Audio quality tends to vary from production to production. If your original training video has audio that may be difficult for viewers to understand, you’ll need subtitles regardless of whether or not you want to dub it.
With dubbed content, controlling audio quality for training videos is a bit easier, as voice actors record their lines separately in a studio. Then, editors can adjust the actor’s volume levels if something is too loud or quiet.
Subtitles are a fantastic accessibility tool and are recommended for most training videos. Employees with difficulty hearing, processing audio, or understanding thick accents will benefit from subtitles in their native language.
Dubbed videos, however, are far more accessible for people who do not speak the content’s source language. They may also help your employees feel more comfortable in the workplace, knowing that there is content specifically catered to their language needs.
Educational Use (Outside of Work)
Subtitles are excellent for people learning new languages because they preserve the original audio of your video content. Bilingual employees or employees learning your source language may benefit from subtitles as a general translation, while the audio acts as a guide for pronunciation and diction.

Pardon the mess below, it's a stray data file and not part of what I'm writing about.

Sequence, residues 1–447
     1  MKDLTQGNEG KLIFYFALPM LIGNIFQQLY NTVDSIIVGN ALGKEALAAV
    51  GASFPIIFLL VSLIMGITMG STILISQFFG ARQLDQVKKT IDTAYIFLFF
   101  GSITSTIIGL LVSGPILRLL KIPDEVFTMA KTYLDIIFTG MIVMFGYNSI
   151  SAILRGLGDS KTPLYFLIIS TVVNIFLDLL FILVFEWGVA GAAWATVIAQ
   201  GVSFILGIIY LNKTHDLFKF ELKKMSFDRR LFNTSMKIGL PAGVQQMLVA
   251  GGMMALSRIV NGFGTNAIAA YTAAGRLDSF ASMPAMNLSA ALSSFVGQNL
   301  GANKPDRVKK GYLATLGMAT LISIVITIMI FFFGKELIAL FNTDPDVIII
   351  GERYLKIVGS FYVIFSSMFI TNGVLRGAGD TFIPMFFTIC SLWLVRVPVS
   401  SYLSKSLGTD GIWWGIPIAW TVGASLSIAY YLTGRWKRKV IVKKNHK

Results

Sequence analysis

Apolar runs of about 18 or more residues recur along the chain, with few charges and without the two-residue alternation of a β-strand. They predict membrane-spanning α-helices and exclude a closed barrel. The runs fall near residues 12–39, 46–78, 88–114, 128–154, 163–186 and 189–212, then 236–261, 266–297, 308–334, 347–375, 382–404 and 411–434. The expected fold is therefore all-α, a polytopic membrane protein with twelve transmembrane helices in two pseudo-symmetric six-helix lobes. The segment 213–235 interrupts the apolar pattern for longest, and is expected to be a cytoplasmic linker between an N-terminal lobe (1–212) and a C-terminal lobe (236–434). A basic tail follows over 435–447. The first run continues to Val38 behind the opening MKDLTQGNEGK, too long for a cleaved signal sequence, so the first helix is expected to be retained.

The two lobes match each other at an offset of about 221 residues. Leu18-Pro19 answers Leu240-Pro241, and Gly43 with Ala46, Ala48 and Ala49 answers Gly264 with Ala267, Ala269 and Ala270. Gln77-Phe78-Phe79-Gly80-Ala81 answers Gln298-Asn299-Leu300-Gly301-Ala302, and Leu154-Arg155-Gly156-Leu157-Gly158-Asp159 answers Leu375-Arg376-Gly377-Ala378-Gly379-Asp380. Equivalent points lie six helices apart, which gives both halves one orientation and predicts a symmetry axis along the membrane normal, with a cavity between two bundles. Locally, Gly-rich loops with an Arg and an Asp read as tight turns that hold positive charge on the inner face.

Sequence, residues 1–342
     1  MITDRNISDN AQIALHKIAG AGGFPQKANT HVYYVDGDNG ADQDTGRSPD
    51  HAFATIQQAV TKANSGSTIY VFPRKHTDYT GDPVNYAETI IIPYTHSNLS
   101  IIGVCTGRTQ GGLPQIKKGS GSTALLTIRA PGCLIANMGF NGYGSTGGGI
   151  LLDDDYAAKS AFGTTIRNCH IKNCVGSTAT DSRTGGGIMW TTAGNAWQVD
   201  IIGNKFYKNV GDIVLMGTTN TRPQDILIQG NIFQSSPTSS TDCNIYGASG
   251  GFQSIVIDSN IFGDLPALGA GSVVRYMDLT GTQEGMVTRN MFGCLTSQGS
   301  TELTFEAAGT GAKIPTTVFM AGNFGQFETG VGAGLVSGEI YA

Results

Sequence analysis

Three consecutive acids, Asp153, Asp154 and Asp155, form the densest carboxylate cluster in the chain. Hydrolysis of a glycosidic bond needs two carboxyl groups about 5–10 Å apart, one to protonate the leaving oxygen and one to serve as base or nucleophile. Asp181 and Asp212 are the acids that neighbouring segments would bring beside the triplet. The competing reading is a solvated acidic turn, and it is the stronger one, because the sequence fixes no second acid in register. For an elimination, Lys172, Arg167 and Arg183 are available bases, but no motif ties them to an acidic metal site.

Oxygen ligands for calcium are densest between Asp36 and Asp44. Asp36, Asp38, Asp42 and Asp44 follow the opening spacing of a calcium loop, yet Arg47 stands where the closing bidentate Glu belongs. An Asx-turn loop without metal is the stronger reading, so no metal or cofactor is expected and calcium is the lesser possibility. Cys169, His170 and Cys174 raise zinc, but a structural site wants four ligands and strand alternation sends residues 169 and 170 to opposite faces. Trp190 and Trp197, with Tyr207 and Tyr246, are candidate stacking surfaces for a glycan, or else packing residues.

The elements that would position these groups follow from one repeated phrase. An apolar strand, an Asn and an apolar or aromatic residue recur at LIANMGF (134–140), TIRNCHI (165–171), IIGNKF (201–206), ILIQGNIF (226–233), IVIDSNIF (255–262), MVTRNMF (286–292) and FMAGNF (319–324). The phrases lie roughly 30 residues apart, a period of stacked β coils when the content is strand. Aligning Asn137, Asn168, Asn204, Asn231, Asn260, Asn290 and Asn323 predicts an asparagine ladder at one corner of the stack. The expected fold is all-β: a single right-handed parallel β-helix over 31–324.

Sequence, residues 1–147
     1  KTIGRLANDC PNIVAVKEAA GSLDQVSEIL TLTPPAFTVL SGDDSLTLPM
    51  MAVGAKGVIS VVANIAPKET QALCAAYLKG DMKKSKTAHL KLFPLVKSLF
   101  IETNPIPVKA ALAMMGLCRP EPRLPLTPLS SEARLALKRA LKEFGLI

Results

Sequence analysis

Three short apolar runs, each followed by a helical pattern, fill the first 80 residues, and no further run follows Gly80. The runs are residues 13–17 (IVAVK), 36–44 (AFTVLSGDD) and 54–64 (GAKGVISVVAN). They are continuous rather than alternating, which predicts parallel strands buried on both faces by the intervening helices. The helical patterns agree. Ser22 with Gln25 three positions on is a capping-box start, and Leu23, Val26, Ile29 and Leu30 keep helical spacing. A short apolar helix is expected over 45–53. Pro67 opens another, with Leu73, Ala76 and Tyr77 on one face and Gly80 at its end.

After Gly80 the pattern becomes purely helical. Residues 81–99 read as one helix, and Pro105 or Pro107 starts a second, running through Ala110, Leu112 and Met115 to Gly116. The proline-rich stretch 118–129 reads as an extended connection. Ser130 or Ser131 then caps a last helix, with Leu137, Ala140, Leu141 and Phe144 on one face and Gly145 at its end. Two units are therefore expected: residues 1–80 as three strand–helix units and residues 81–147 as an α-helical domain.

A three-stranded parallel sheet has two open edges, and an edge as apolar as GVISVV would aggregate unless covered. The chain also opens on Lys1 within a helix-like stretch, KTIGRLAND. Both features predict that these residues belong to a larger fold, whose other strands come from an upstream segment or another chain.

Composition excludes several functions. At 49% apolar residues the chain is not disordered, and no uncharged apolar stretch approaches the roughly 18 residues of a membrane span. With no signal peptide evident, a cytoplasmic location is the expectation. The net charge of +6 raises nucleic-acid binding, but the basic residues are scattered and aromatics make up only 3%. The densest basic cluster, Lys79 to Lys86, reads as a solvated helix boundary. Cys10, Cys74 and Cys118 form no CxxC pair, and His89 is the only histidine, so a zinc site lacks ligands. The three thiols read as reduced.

Educational Use (On the Job)
If your content requires employees to pay heavy attention to the video’s visuals, it’s best to dub them over as well, as subtitles will detract from the video’s primary purpose. Training videos that teach employees how to use heavy machinery, perform life-saving tasks, or tasks that require fine technical skills will benefit from getting dubbed over rather than subtitled.
Which Should I Use?
When choosing whether to subtitle or dub your employee training videos, the first thing you should keep in mind is your budget: smaller businesses may have a more challenging time funding dubbed content and may want to go with just subtitles. Larger businesses, on the other hand, may request dubbed content only without subtitles.
Regardless of what you choose, make sure to prioritize accessibility before all else. Generally speaking, subtitles are more accessible to audiences than dubbed content, so if you’re unsure what to do, consider starting with subtitles.
Your Subs or Dubs Checklist
When choosing whether or not to subtitle or dub over your employee training videos, there are a few key points to consider before consulting your professional translators. We recommend asking yourself these questions:
- What is my budget for video translation?
- How many different language translations do I need for this content?
- Do the videos require extensive visual engagement?
- Are my employees bilingual, or do some only speak one language?
- Is the audio for all videos clear and easy to understand in the source language?
Ready to get started on your next translation project? Traduality has everything you need to succeed; create your first project today and find vetted translators, or book a meeting with us to learn more about your specific needs.